Beckham’s Achilles injury

March 14th David Beckham completely tore his left Achilles tendon while playing for AC Milan in an Italian Series A game. With that injury went Beckham’s  opportunity to represent England for the 4th time in the  World Cup. While he won’t be suiting up in South Africa this June once his  Achilles is fully recovered, he is expected to see action back on the pitch later this year with his Major League Soccer club the L.A. Galaxy.

David Beckham achilles injury Beckham had his Achilles surgically repaired by Dr. Sakari Orava in Finland the following day. “He will have to take it very easy during the next two to three weeks or a month, and then he will continue with a recuperation program slowly,” Orava told The Associated Press. “The foot won’t take much strain for two to three months.” Orava also said it would be “four months to running,” and another two months before playing. Beckham’s spokesman, Simon Oliveira, said the tendon was completely repaired, and he expected Beckham to return to the game. “David is expected to make a full recovery”.

An AC Milan press release –  the club that Beckham is on loan until June with – spoke about his recovery very optimistically:  “For the first two weeks, the footballer must not put pressure on the injured limb and then he will do so progressively and partially for six weeks before doing specific therapy in the swimming pool.” The plan foresees a complete recovery in six months, after which he will be able to play again.” Here is a link to a BBC story with Dr. Orava speaking on video about treating Beckham how long he expects recovery to take.

We turned to the physiotherapist for the Vancouver Whitecap’s Men’s team Graeme Poole – he himself recently experienced an Achilles tear – for the overview on Achilles injuries, including their causes, treatment and the recovery process:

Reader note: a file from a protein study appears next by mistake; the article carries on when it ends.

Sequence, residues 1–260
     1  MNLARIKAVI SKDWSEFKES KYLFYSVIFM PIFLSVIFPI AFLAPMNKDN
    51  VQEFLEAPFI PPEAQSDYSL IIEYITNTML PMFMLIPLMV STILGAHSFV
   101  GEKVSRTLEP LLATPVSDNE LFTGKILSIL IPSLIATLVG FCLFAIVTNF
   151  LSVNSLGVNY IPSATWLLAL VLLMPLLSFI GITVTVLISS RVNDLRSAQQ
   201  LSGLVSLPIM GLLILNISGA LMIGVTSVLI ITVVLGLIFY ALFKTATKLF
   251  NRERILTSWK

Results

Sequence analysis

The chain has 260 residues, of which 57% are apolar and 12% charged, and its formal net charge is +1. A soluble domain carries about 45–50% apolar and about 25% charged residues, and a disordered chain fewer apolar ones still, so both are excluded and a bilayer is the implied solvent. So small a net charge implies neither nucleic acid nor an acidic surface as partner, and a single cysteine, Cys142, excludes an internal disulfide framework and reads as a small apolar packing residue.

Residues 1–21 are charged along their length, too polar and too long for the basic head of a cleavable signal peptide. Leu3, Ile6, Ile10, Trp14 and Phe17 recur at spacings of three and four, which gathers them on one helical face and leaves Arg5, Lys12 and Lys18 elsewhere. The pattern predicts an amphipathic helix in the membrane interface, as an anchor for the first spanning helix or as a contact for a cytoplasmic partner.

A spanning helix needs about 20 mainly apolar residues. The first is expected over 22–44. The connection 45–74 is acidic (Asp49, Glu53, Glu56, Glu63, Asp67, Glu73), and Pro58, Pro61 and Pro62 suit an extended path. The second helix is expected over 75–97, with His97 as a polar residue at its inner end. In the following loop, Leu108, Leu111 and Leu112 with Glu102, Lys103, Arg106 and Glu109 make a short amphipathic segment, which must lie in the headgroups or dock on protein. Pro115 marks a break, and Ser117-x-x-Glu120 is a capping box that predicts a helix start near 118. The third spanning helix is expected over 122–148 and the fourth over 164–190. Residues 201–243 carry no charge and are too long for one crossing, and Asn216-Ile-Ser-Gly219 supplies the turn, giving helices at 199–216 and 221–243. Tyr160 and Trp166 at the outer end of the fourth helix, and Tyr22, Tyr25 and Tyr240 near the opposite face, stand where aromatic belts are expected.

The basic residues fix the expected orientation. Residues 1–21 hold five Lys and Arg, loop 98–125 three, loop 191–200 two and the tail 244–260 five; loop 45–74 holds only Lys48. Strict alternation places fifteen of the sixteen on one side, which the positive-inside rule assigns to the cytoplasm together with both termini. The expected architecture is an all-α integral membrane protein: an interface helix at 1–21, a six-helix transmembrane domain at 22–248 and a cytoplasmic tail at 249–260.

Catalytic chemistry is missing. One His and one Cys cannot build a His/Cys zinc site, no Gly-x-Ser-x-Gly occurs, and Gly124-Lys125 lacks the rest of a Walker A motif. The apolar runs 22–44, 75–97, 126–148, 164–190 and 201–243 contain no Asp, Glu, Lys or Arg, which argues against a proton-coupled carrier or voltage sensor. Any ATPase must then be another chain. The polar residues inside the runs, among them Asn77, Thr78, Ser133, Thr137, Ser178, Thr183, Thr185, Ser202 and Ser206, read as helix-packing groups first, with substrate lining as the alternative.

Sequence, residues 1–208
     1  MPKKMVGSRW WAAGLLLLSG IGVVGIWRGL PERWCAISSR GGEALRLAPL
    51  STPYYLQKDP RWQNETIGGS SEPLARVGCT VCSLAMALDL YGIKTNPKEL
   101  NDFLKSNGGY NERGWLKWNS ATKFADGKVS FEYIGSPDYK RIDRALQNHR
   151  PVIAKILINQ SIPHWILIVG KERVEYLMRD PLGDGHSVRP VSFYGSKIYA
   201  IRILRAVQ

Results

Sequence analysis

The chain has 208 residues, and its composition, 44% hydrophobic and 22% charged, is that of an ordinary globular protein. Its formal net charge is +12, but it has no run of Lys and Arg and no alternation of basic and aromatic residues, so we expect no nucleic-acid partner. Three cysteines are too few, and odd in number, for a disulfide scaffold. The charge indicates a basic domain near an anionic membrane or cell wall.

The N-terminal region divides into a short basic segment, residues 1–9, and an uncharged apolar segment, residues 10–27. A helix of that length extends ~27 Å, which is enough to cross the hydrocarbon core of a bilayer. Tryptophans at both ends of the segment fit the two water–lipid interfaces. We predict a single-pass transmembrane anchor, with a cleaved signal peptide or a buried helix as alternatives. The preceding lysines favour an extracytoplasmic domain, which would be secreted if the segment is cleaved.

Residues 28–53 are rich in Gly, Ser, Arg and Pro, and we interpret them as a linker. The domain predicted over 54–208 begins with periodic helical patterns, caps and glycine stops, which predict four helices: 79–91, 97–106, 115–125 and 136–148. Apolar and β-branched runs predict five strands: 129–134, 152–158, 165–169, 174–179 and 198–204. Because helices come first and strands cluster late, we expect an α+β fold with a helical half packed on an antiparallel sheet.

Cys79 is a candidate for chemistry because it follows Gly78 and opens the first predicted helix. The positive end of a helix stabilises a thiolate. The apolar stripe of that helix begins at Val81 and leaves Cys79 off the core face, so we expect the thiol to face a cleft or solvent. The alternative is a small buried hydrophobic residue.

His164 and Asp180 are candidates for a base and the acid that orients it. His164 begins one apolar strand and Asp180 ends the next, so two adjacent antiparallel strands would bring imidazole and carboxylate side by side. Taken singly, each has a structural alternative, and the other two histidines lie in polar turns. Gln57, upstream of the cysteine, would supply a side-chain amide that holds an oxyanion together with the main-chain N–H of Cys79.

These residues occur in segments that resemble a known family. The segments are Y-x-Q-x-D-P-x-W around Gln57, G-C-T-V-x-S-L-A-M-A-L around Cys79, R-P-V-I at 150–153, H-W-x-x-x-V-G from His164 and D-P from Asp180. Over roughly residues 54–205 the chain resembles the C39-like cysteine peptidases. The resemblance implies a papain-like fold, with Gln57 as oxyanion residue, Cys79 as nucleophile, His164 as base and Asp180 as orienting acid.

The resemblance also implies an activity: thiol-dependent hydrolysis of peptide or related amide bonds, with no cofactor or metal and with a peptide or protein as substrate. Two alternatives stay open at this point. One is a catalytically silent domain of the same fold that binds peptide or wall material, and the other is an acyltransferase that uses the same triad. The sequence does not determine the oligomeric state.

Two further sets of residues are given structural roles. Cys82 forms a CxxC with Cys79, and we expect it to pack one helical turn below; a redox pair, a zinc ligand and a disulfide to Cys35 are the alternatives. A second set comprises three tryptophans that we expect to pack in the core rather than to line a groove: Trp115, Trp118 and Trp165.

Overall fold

To be honest with you I haven’t spent a lot of time or energy on the “Why did it happen?” question.  Although there are a number of variables that may have contributed: prior Achilles tendonopaty, calf flexibility, ankle ROM, fitness, proper warm-up, none of them played a large role in my Achilles rupture, and I doubt they did in David Beckham’s either.  He was surely well warmed-up at that time in the game, and I don’t think fitness was an issue!.   In fact, most Achilles ruptures happen in activities that people have done thousands of times before. Unfortunately for me and Becks, the statistics aren’t that good once you have ruptured, some studies show re-rupture rates as high as 15%, with a bias towards those who rupture at a younger age.

Once you have ruptured your Achilles the process is actually quite seamless.  Going to the ER is the first step, because having your tendon surgically repaired in the first 48 hours is quite important in having a full recovery.  If you wait too long too much scar tissue will be laid down, and the tendon will lose some extensibility.  Most of the time it is quite clear that you have injured the tendon.  A simple physical test named the Thompson test will reveal a torn tendon.  This is why you are able to get in to surgery so quickly, there is no need for an MRI to confirm a tear, unlike an ACL injury. There is also a non-operative option, but the recovery is usually a bit longer, and the rates of re-rupture 5-10% higher.  For active young people, surgery is the way to go.